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Crude futures fall to five-year lows despite Libyan oil port fire


Crude futures settled at five-year lows Monday, as the market brushed aside continued fires at Libya's largest oil terminal, as persistent oversupply concerns led the oil complex lower.

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NYMEX February crude closed down $1.12 at $53.61/b. ICE February Brent settled $1.57 lower at $57.88/b.

Both settlements represented lows not seen for front-month contracts since May 2009.

In refined products activity, NYMEX January ULSD futures settled 5.88 cents softer at $1.8491/gal. NYMEX January RBOB ended the session 5.59 cents lower at $1.4528/gal.

Three crude storage tanks at the Es Sider terminal remained on fire Monday following attacks December 25 by Islamist militias trying to take control of Libya's largest oil export terminal.

Exports from Es Sider and the nearby Ras Lanuf terminal were suspended December 17 due to clashes in the area involving militias.

Libya's oil ministry said last week the country's crude output had fallen to 200,000 b/d, down from 1 million b/d at the end of October.

The focus on the fires provided a "minor fundamental support hook" to petroleum prices early Monday, Citi Futures and OTC Clearing analyst Tim Evans said in a note.

"Lower Libyan output does make it more likely that OPEC's overall production will be at or even somewhat below the 30.0 [million b/d] official quota, but a first-half 2015 supply/demand surplus may still be on the order of 1.5 [million b/d]," Evans said.

However, crude futures were unable to hold onto those early gains. NYMEX February crude sank as low as $52.90/b, while ICE February Brent fell to an intraday low of $57.37/b.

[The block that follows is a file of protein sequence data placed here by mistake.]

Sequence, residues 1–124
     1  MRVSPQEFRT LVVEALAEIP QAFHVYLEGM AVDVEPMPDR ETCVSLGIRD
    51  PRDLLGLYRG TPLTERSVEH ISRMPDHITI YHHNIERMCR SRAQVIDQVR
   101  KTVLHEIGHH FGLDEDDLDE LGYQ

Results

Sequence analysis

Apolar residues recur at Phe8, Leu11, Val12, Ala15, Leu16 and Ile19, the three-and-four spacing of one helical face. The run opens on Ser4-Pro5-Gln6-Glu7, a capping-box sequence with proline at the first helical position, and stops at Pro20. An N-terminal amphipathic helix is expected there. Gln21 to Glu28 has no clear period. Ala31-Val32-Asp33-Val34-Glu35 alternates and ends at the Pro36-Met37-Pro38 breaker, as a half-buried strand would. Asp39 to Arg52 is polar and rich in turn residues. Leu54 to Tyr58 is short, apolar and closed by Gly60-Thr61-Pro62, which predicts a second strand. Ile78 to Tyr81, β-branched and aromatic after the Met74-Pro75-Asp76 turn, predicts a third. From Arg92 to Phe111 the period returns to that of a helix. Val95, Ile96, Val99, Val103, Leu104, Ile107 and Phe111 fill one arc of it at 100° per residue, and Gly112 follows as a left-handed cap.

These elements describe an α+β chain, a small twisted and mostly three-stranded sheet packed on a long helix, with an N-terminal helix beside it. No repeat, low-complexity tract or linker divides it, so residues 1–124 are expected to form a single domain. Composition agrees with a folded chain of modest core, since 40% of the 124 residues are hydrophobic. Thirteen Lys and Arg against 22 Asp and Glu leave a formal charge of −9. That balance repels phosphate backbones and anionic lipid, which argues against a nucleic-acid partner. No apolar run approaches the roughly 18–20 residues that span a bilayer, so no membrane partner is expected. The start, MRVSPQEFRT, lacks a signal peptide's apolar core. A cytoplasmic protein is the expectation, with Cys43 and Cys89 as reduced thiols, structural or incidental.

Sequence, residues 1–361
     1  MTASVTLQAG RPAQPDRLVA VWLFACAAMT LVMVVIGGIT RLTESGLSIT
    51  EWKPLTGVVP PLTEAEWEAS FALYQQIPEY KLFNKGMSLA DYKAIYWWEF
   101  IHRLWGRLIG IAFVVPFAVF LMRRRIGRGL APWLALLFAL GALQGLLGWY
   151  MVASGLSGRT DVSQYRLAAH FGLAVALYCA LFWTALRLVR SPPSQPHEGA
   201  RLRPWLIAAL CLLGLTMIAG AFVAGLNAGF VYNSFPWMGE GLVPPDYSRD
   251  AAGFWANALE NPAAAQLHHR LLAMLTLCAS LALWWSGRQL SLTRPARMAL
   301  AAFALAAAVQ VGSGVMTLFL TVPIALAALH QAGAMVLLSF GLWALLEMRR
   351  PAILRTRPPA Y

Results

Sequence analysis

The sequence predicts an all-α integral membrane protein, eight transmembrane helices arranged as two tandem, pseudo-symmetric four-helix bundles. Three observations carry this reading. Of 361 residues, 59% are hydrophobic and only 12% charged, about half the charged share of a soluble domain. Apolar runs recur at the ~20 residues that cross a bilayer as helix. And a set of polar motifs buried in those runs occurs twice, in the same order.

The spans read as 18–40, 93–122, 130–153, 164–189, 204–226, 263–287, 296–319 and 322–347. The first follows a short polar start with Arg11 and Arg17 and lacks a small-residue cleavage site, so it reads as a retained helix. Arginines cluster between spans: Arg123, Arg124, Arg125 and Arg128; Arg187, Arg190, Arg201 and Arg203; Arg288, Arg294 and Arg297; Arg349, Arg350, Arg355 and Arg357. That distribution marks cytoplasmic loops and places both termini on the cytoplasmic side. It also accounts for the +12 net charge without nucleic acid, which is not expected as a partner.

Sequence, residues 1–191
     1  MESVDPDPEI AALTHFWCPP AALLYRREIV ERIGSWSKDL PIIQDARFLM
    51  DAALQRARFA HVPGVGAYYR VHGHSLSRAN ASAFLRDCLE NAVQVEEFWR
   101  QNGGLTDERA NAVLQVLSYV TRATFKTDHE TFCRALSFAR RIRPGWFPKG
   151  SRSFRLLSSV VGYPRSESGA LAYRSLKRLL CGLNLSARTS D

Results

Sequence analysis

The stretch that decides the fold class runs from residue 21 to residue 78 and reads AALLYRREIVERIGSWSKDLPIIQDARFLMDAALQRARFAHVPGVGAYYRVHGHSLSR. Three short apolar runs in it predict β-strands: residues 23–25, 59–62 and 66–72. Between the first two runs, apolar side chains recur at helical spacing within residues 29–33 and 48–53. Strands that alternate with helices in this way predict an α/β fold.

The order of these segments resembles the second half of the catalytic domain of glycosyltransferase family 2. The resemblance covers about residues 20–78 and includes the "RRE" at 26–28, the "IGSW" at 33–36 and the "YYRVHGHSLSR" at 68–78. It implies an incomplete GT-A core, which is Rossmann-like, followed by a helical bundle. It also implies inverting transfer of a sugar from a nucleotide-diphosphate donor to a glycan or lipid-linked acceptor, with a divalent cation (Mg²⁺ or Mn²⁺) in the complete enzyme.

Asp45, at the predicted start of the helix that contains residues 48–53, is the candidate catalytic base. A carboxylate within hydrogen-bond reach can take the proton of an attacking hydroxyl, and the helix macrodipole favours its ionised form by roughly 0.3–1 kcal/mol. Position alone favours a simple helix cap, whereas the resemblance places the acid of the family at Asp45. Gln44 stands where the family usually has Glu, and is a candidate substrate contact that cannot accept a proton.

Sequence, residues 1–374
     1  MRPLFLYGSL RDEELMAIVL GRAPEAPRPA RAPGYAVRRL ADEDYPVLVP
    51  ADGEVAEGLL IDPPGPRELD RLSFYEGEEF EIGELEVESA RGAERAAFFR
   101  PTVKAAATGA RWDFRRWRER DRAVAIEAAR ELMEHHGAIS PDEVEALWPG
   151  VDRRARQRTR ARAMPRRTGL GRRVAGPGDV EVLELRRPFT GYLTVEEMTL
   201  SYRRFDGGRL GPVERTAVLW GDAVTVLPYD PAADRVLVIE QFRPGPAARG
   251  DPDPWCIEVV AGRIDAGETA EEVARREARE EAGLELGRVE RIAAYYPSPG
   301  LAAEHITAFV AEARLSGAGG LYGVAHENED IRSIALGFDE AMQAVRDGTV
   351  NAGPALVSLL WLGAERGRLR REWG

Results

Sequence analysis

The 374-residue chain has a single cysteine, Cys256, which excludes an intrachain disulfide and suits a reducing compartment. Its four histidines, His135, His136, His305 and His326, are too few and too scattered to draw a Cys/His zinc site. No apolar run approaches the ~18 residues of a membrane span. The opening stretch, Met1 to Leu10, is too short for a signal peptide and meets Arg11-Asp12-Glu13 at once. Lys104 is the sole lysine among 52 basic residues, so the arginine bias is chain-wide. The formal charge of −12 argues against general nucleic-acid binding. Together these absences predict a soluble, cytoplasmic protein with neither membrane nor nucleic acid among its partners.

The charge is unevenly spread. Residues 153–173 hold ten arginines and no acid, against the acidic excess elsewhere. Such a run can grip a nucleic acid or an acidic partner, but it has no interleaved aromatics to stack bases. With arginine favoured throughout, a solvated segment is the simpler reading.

Toward the market's close, crude futures received support from a report showing a weekly drop in the US oil rig count, Prices Futures Group analyst Phil Flynn said.

"Prices looked like they were headed for a free fall toward $50/b until the Baker Hughes report came out, and that helped slow the downward momentum," he said.

For the week that ended December 26, the number of operational US oil rigs fell 37 to 1,499, Baker Hughes said.

Analysts and traders are keeping a close eye on the number of idled rigs for signs the fall in oil prices is having an impact on drilling.


The Dallas Federal Reserve said Monday in its monthly manufacturing survey for Texas that the index for general business activity fell to 4.1 in December, down from 10.5 in November.

A score above 0 indicates expansion, but the December reading was below market expectations.

Dennis Gartman, publisher of the Gartman Letter, said the analysts' consensus was in the 9-10 range, and a score below 8 would be "disconcerting."

"The survey clearly shows the selloff in crude is having an impact on manufacturing in and around Texas, especially when it comes to manufacturers of oil rigs, pipes and drilling muds," he said.

The Dallas Fed's December survey could prove to be precursor to slowing crude production, Gartman said.


The global oversupply is also being felt in West Africa, with Angolan and Nigerian crude struggling to sell, trading sources said Monday.

Of 54 Angolan cargoes offered in February, just over 20 had been heard to trade, and some January cargoes were being reoffered to the market.

In the Nigerian market, approximately 20 million January barrels are still available along with almost the entire February program.

The abundance of spot crude available from West Africa could be a boon for US Atlantic Coast refiners. Cracking margins on the USAC for Nigerian Bonny Light are around $10.32/b on a 30-day moving average, compared with just $5.36/b for North Dakota Bakken, or $5.75/b for Canadian Hibernia.

US imports of Nigerian crude held steady at 136,000 b/d for the second straight week last week, the latest weekly US Energy Information Administration oil data shows. Imports from the country had flatlined at zero for five consecutive weeks between October and November.

--Geoffrey Craig,
--James Bambino,
--Eklavya Gupte,
--Edited by Jason Lindquist,